When Democratic political consultant Gary Zimmer (Carell) hears about the situation and Hastings, he has the bright idea to shape Hastings into becoming a mayoral candidate in the upcoming election, who is confident he can “turn” Jack and the whole Republican town into Democrats.  
     Gary’s colleagues are extremely skeptical, but he has such confidence in his judgment and skills, he takes off for Deerlaken with high hopes, only to be consistently shocked by the nature of a small town versus a city like Washington D. C. (Example:  He only has to order lunch at the local watering hole, and meet a couple of people, for everyone he meets immediately after to know him by his new nickname, “D. C. Gary”, and he is greeted by everyone he meets as if they’ve known him forever.)
     Gary is successful in convincing Jack to run as a Democrat, and the campaign forges ahead.  There will be jolting upsets when Gary’s archrival, Republican Faith Brewster (Byrne), hears what he is up to and likewise descends upon Deerlaken.  But she is supporting the re-election of the mayor (Brent Sexton), backed by big bucks.  This, of course, results in Gary intensifying his fund-raising efforts.  The subsequent no-holds-barred rivalry of the two serves as part of the production’s entertainment.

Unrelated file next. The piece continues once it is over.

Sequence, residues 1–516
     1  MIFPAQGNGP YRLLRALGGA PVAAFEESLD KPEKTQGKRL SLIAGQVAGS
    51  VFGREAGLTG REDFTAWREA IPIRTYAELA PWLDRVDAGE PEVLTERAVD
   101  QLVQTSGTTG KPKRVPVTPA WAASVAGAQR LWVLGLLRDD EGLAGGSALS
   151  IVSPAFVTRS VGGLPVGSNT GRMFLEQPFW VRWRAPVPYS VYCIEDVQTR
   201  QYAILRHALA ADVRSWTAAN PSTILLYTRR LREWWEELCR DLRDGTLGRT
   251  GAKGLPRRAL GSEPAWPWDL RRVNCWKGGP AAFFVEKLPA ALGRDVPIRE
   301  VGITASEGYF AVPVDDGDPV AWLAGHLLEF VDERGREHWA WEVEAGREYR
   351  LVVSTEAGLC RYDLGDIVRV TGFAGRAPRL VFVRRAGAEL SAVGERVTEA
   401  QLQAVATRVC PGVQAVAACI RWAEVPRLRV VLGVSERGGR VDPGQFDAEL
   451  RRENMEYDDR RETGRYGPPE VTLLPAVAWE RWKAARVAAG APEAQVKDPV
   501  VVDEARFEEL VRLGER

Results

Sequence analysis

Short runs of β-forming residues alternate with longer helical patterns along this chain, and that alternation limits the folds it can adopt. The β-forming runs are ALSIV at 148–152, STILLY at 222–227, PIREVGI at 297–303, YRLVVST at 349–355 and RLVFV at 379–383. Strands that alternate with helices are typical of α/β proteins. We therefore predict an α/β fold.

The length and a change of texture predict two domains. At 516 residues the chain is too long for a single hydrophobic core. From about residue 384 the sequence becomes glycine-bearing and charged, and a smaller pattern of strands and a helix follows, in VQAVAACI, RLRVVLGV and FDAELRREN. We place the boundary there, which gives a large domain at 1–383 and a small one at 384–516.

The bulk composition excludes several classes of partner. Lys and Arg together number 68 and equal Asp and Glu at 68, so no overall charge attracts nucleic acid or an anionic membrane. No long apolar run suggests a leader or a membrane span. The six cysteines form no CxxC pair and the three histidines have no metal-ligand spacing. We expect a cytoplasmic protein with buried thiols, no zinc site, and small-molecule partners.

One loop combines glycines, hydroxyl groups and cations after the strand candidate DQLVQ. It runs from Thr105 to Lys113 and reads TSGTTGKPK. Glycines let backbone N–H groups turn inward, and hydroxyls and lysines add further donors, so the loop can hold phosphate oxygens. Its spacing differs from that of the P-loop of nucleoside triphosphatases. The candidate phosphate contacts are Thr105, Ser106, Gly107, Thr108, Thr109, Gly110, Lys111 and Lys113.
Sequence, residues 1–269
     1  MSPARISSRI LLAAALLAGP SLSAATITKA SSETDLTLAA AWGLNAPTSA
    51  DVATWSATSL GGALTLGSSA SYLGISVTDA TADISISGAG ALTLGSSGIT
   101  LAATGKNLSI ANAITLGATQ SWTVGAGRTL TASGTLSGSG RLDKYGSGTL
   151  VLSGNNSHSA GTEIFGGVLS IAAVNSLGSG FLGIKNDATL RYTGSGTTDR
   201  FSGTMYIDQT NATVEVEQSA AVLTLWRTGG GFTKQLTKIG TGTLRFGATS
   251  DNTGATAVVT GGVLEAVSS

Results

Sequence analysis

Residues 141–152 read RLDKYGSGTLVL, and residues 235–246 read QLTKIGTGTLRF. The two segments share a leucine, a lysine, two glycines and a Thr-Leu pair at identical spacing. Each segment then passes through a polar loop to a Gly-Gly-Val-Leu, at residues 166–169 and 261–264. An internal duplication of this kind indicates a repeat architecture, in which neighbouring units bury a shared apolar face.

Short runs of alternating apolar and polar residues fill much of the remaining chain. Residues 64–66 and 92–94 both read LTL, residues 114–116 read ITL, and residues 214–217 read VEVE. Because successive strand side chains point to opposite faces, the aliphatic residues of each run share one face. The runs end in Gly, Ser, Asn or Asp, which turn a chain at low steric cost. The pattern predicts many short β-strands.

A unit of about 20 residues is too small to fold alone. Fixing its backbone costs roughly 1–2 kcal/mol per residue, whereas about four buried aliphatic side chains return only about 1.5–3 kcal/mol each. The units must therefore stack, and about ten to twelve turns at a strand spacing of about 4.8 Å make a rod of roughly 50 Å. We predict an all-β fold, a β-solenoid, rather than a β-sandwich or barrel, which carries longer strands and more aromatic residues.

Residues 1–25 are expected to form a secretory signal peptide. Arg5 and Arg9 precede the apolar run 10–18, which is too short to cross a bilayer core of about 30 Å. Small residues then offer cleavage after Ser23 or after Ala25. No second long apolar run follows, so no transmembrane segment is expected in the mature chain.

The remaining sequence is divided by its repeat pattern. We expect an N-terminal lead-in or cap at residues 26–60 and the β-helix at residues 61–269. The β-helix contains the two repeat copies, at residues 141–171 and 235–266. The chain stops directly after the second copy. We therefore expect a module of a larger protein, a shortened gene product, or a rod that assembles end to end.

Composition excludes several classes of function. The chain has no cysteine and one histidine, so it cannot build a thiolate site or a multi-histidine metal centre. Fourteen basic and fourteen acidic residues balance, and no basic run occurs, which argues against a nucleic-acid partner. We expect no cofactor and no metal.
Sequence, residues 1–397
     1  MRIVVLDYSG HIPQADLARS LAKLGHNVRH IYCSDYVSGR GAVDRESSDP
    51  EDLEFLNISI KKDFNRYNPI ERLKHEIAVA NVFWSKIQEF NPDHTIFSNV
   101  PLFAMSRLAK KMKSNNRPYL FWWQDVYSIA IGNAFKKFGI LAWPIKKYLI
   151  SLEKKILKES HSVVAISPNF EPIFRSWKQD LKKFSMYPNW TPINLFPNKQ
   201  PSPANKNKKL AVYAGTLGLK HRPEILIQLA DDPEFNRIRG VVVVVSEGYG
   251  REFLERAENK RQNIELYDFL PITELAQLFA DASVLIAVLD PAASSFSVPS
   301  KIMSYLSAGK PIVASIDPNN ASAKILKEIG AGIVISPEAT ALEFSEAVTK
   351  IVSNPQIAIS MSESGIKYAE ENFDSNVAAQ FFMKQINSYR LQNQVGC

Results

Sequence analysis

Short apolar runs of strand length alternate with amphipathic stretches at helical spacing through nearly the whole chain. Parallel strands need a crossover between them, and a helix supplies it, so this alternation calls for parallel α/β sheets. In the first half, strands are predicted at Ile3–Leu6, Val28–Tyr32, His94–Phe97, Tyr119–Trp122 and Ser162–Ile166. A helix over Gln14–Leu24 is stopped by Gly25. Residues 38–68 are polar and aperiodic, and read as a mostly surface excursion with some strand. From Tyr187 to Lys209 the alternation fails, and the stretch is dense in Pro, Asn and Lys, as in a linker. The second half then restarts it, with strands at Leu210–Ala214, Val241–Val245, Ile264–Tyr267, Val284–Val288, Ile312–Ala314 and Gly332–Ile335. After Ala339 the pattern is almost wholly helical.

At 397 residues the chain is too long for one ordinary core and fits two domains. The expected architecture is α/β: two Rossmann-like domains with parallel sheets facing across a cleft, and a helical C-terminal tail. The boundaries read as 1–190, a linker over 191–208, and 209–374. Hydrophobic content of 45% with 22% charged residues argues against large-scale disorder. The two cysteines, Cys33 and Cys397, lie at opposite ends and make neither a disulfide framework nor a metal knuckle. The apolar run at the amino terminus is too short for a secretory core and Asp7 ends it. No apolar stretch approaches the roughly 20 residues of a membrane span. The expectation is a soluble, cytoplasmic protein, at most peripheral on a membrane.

Chris Cooper is ideal as a countrified character with an “aw-shucks” attitude overlaying a canny, strategic mind, and his background includes being a war veteran.  Gary sees that the principles underlying his arguments adhere perfectly with explicit aims of the Democratic Party.  A widower, Jack has a grown daughter Diana (Davis), who is devoted to her father, and enthusiastically joins his campaign.  
     The odds favor first one campaign then the other, with Faith shown to be a ball-busting flirt without principles and Gary handing it right back to her and gradually increasing his edge.  But as time goes on, the two factions are portrayed more even-handedly, and the viewer is shown more clearly the source of the problem.  Nice wrap-up!  But since I think the very ending is surprising and masterful, I won’t reveal more than that.
I have sorely missed Jon Stewart’s Daily Show on the Comedy Channel, so was highly gratified with many of the lines appearing throughout the film that are signature for him and truly funny and provocative, e.g., “Good people have to do s----- things in service of the greater good” and “We’re spending to start something; they’re spending to stop something.”      More substantively, Jon interviews Trevor Potter (whom I became acquainted with on the Steven Colbert Report show), former Chairman of the Federal Election Commission and current President of Campaign Legal Center stating how it is legal to hide billions of donations to a campaign that later can be diverted to other projects.  Thank you, Supreme Court, for the Citizens United ruling.